02 November 2019 05:00

When a journalist is killed, we all bleed

The autocrats, petty dictators, tyrants and populists who hunger for autocratic power somehow know they cannot silence us all.


Beata Balogová
The Editor-in-Chief of SME, Vice Chair of IPI Executive Board

The February 2018 murder of journalist Ján Kuciak and his fiancée Martina Kušnírová is Slovakia’s shared trauma, which time alone will not soothe. The investigation of the killing has unveiled an unseen decay of institutions that were originally set up to protect the rule of law. The suspected mastermind behind the murder, a controversial and well-connected businessman named Marian Kočner, constructed an underworld under the protection of corrupt police, prosecutors and judges – those who should have protected Ján Kuciak instead.

Now, as the world marks International Day to End Impunity for Crimes against Journalists, Slovak journalists are reading the text of the recently released indictment of four suspects in the killing. The text describes the murder of their colleague, who worked as an investigative reporter for the news website Aktuality.sk, in painful detail. They are there in that small village house with Ján and Martina minutes before the bullets pierce through his chest and her head, sharing their horrors and asking the resounding question: why?

Journalist murders get rarely investigated in the world. Even if the murderers are uncovered the masterminds are almost never taken to court. Over the past year 25 journalists were killed for their work – none of the cases has been fully solved.

In Slovakia it is not only the assassins who have been indicted, but also Kočner, who prosecutors believe ordered the killing. All face a life sentence. The significance of this development should not be lost on us.

Beyond the reconstruction of the hideous crime, there are a couple of important messages behind the indictment: it shows that there are still investigators, prosecutors and judges who managed to get through the swamp of Kočner without being sucked in.

They understood that if this murder is not properly investigated and prosecuted Slovakia would be expelled from the family of genuinely democratic countries and metamorphose into a mafia state.

Still, without persistent public pressure and the remaining critical media in the country this investigation and the indictments filed this month would have not been possible. A critical mass understood that only independent journalists can be their eyes, ears and mouths when it comes to watching the powerful and giving voice to the voiceless.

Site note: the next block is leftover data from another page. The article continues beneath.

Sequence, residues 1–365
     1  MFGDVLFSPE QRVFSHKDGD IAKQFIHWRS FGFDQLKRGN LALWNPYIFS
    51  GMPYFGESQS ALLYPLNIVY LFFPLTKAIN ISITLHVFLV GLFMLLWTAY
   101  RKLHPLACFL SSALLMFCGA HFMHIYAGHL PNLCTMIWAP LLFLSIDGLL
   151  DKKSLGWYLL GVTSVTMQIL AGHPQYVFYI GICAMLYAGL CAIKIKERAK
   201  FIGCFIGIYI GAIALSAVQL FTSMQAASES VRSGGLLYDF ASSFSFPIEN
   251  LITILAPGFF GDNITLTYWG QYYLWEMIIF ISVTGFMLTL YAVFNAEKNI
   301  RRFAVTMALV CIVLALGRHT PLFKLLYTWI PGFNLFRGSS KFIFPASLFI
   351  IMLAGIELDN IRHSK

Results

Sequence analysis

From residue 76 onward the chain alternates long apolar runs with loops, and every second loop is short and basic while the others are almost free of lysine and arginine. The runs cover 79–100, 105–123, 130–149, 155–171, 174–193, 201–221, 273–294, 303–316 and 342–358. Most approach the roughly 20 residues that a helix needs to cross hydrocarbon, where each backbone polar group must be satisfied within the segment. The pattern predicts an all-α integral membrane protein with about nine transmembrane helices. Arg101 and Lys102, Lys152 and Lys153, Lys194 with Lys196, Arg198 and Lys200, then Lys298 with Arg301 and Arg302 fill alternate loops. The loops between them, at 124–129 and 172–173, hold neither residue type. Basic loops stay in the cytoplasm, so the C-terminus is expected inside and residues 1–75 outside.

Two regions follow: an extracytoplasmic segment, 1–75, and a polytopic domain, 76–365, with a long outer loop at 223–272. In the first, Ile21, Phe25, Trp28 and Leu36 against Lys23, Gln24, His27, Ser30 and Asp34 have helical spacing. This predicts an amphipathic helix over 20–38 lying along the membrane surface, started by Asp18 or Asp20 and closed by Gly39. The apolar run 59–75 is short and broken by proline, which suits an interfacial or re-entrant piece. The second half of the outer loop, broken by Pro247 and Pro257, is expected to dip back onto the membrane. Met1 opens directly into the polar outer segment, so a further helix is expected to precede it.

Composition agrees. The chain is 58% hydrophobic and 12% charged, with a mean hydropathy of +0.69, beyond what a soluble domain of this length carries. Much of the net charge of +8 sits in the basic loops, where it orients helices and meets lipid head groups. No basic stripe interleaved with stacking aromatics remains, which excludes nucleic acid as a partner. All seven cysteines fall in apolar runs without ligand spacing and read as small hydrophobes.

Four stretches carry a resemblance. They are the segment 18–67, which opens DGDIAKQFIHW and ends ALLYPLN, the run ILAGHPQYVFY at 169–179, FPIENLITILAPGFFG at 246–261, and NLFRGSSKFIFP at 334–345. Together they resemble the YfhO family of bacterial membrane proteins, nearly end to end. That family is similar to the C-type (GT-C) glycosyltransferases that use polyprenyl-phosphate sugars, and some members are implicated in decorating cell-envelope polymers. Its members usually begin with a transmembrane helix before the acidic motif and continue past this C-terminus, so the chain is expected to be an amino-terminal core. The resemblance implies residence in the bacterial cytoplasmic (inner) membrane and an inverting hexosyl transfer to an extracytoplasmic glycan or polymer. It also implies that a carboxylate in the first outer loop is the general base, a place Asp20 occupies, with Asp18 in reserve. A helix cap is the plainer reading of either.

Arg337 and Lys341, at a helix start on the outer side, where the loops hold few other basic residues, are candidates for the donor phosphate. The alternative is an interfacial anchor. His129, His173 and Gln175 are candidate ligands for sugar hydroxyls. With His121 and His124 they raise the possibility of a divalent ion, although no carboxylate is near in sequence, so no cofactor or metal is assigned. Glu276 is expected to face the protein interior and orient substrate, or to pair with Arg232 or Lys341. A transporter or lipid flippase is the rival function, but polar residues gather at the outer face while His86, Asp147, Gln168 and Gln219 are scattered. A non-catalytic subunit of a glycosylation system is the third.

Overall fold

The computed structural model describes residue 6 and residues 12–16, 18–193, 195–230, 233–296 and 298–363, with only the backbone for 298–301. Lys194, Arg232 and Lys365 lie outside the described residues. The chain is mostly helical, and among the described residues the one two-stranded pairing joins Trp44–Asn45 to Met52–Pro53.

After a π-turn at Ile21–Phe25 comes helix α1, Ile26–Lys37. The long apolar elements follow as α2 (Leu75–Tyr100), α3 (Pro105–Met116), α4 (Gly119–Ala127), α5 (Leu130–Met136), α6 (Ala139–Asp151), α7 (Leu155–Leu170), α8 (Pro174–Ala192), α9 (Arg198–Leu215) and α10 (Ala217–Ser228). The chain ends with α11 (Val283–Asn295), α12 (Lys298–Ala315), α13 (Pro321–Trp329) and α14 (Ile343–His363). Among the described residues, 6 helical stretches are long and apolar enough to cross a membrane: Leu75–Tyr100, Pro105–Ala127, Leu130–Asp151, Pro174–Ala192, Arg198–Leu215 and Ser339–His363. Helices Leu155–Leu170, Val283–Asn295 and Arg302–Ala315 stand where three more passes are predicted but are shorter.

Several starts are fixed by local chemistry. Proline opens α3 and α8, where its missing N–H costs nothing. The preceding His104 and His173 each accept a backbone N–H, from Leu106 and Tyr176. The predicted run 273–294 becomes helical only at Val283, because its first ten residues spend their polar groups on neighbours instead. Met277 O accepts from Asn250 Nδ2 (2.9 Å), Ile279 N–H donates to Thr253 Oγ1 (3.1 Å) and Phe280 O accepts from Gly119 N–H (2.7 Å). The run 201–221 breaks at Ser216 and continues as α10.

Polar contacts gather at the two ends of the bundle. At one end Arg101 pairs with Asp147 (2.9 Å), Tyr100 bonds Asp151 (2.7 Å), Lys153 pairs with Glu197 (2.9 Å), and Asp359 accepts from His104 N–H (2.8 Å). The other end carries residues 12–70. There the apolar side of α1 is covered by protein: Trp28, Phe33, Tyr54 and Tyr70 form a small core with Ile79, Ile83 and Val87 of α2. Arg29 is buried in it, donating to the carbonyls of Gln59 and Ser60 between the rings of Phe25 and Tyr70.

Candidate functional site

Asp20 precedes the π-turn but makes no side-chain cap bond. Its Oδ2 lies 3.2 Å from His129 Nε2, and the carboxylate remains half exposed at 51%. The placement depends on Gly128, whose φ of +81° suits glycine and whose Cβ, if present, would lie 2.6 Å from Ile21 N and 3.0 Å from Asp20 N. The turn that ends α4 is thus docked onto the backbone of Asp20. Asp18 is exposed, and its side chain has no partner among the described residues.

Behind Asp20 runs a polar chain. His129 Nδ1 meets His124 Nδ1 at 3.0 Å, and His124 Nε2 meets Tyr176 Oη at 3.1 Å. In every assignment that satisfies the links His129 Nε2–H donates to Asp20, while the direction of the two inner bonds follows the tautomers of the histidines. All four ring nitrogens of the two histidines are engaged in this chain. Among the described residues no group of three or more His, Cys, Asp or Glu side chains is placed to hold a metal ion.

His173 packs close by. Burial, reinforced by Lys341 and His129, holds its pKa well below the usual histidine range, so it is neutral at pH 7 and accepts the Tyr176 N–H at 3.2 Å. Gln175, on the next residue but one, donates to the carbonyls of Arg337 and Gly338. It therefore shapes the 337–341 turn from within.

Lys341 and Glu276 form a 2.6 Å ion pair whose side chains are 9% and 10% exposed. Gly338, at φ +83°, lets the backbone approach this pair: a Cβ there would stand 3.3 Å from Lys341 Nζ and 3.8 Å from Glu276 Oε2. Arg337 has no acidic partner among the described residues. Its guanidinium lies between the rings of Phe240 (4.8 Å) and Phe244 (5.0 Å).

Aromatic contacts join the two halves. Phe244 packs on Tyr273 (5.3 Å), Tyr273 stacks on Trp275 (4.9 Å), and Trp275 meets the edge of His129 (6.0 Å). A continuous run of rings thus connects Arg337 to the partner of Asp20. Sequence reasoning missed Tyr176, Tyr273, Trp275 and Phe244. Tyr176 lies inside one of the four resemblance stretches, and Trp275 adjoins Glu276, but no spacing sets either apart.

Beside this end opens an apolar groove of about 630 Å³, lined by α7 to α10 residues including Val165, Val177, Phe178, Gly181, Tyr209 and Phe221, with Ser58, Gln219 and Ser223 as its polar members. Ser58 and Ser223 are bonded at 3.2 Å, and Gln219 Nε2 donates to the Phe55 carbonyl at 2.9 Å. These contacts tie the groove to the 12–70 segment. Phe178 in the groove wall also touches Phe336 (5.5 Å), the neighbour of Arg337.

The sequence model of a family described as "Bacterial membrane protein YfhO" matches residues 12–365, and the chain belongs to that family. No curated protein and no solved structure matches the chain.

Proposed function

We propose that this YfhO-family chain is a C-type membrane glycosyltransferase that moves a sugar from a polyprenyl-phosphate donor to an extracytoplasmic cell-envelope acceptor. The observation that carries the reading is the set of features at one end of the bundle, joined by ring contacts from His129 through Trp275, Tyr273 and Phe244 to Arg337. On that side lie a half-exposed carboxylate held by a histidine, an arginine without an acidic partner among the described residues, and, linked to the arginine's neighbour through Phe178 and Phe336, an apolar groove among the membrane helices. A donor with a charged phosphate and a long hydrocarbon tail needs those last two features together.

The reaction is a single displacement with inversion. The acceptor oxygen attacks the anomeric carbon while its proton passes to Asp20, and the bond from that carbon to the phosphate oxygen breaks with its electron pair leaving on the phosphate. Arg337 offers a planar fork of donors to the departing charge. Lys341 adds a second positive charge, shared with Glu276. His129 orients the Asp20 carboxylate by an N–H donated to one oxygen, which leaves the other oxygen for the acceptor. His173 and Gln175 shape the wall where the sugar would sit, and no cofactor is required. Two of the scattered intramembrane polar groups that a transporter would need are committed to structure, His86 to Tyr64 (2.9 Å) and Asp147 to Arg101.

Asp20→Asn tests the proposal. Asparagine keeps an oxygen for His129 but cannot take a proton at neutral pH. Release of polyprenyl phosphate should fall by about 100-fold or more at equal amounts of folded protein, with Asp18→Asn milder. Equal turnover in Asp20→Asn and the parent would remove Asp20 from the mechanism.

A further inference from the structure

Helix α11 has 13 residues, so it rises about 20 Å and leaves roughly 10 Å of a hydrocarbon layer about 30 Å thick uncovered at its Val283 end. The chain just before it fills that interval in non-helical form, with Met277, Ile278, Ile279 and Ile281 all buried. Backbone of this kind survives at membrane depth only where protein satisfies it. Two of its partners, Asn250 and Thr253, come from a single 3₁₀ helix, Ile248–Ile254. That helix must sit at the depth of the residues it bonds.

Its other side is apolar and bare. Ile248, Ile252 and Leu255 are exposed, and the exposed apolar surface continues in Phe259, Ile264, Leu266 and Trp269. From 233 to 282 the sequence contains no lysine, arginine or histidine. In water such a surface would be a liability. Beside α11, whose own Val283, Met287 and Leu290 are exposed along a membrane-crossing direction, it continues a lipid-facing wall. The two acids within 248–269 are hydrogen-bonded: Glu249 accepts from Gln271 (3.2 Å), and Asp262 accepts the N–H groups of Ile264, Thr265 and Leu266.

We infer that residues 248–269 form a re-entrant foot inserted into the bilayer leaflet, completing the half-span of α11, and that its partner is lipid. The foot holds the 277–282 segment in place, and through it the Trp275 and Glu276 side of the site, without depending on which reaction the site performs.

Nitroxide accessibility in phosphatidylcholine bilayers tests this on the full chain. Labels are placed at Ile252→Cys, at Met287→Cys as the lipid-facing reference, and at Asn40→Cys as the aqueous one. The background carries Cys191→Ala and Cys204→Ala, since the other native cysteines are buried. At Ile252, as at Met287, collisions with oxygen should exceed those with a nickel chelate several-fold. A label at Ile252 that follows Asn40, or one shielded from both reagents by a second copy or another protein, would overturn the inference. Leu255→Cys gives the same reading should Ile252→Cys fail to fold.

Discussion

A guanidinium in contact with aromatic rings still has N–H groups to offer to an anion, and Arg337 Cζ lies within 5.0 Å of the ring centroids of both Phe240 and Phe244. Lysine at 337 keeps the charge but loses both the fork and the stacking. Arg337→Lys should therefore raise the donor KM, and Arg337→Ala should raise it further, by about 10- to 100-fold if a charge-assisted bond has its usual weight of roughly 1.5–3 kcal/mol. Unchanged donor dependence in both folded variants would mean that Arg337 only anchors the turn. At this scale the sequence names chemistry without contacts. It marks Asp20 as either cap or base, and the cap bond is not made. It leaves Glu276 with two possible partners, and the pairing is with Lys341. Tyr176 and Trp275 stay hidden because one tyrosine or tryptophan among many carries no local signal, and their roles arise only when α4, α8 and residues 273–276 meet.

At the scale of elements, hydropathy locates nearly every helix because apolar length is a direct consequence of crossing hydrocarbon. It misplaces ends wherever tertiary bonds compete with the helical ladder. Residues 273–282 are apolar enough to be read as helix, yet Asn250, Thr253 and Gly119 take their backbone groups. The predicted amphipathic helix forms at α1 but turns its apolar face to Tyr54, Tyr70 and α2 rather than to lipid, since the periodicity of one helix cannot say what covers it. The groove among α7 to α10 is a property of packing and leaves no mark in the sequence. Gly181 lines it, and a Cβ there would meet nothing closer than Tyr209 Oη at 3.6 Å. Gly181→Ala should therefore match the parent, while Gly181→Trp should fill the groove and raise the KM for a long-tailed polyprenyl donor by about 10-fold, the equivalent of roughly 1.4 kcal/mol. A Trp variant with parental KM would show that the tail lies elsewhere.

Mass protests fired Robert Fico, with a lavish history of verbal attacks at journalists, from the job of prime minister of Slovakia. Though he is not being indicted, Fico carries political and moral responsibility for the murder since it was in the shadow of the former leader’s nearly decade-long term in power that Marian Kočner fattened his underworld.

For now, not the courts but the voters will decide the fate of Fico and his party in the upcoming general elections in February 2020, exactly two years after the murder of Kuciak.

Doubtlessly, international pressure and persistent attention of press freedom organizations, including the International Press Institute (IPI), contributed to the thorough investigation of the Kuciak case.

But we must continue to shout and protest, to demand justice for Malta’s Daphne Caruana Galizia, Russia’s Anna Politkovskaya, Ukraine’s Pavel Sheremet, Mexico’s Javier Valdez Cardenas and Turkey’s own Uğur Mumcu  – journalists whose killers have never been found.

Each killing of a journalist, each aggression against critical media, be it physical or verbal, suggests that something went deeply wrong in society – that those in power or close to it have run out of facts and arguments.

The autocrats, petty dictators, tyrants and populists who hunger for autocratic power somehow know they cannot silence us all. But they grow more creative in their ways of silencing critical voices every year. Our Turkish colleagues intimately know the smell, taste and feel of prison cells, while colleagues in Pakistan are being harassed by the state like criminals.

We in the Visegrád region – the Czech Republic, Hungary, Poland and Slovakia – are learning the bitter lesson that some democratically elected officials inspired by Hungarian Prime Minister Viktor Orbán would happily trade the free press for propaganda machines, regardless of the damage done to democratic institutions of the state.

But whatever country we are in, we do know that there is a part of society that will always be on our side, even though they might fear to read our stories out loud. We will continue telling our stories and searching for the truth, without pathos and populist slogans, simply because we are journalists.